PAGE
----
Google Street View Privacy Roundup

A roundup of links about Google Street View and its privacy implications (mostly) that have been accumulating in my queue for the past few weeks.

Slate: Google Spies on America.

This Denver Post editorial also raises some concerns about “personal security.” (The editorial also says that “ abandoned its photographic maps last year after privacy concerns were raised. Its cameras photographed women walking into domestic violence shelters.” I don’t recall that being cited as the reason at the time; this must be a variant of reporters’ “in the wake of” trick that implies causality without having to prove it.) Via Anything Geospatial.

Of course, Google has a process for removing yourself for its imagery. Wired’s Threat Level blog goes through the process, which has changed in the meantime, starting off quite byzantine in terms of the identity proofs required and ending up prone to third-party abuse. Via All Points Blog.

European privacy laws require explicit consent for the commercial use of photos in which individuals are identifiable: we may not see Street View in Europe any time soon. Via Slashdot and Slashgeo.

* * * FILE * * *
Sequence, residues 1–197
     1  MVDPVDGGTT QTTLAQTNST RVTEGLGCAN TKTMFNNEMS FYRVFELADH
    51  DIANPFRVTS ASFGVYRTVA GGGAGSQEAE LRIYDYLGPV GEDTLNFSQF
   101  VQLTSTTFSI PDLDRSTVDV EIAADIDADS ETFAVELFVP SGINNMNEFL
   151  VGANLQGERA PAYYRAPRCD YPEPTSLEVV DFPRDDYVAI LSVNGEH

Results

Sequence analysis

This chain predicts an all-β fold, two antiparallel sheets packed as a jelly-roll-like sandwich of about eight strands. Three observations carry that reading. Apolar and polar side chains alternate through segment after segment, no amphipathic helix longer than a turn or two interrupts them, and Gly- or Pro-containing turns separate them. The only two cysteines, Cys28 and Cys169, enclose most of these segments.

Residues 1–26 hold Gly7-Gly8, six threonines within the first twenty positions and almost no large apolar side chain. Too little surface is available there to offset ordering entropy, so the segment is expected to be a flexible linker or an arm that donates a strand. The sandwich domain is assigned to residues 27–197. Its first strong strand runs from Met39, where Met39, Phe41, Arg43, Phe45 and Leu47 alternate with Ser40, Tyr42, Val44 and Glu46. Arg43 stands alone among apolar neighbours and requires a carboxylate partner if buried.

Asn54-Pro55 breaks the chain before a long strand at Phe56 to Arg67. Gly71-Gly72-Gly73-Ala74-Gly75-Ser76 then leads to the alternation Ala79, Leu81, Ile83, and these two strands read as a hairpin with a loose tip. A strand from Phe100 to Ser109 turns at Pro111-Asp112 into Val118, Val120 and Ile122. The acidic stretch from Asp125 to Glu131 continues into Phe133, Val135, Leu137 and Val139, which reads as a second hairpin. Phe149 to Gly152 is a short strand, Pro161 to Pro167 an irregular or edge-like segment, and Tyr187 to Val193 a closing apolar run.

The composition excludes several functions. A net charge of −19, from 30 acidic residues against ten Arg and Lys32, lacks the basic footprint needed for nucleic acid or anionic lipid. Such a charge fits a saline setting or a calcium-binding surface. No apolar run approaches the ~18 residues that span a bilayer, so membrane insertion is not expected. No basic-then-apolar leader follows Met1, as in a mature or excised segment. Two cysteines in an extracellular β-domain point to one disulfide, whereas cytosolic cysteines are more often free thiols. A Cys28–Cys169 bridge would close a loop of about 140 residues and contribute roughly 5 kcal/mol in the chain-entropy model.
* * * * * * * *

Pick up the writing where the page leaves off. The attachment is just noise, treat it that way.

You know things are getting silly about privacy, security and Google’s imagery when the Indian press says things are getting silly. The Financial Express: “How is this snoop job any different from what governments in India and across the world have been doing for years, and who’s to say that we can trust the government any more than we can a private corporation? At least a private company’s intentions are far clearer — nor will it invoke ‘security’ to watch you.” Via Ogle Earth.

Finally, it would appear that Microsoft and its contractors are hoping you’re watching them as much as they’re watching you. Given Windows Live Virtual Local Earth’s mind share relative to Street View, I guess they’re making lemonade.

Previously: Google Maps Street View and Privacy; NY Times on Street View and Privacy; Google Maps Street View: Moral Panic Update.